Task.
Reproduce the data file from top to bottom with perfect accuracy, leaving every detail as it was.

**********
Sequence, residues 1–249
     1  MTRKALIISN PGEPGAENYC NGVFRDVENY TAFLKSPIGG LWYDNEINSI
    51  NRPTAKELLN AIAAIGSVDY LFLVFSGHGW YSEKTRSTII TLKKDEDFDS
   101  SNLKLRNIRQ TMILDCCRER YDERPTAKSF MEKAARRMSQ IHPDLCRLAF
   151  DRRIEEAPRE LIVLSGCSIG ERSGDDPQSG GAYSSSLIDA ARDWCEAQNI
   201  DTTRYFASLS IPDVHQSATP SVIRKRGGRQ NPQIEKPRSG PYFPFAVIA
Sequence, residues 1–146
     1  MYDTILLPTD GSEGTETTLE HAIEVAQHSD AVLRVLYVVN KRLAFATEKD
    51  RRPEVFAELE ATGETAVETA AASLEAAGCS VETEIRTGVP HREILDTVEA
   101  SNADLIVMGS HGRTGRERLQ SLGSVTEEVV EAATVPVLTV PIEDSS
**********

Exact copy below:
Sequence, residues 1–249
     1  MTRKALIISN PGEPGAENYC NGVFRDVENY TAFLKSPIGG LWYDNEINSI
    51  NRPTAKELLN AIAAIGSVDY LFLVFSGHGW YSEKTRSTII TLKKDEDFDS
   101  SNLKLRNIRQ TMILDCCRER YDERPTAKSF MEKAARRMSQ IHPDLCRLAF
   151  DRRIEEAPRE LIVLSGCSIG ERSGDDPQSG GAYSSSLIDA ARDWCEAQNI
   201  DTTRYFASLS IPDVHQSATP SVIRKRGGRQ NPQIEKPRSG PYFPFAVIA
Sequence, residues 1–146
     1  MYDTILLPTD GSEGTETTLE HAIEVAQHSD AVLRVLYVVN KRLAFATEKD
    51  RRPEVFAELE ATGETAVETA AASLEAAGCS VETEIRTGVP HREILDTVEA
   101  SNADLIVMGS HGRTGRERLQ SLGSVTEEVV EAATVPVLTV PIEDSS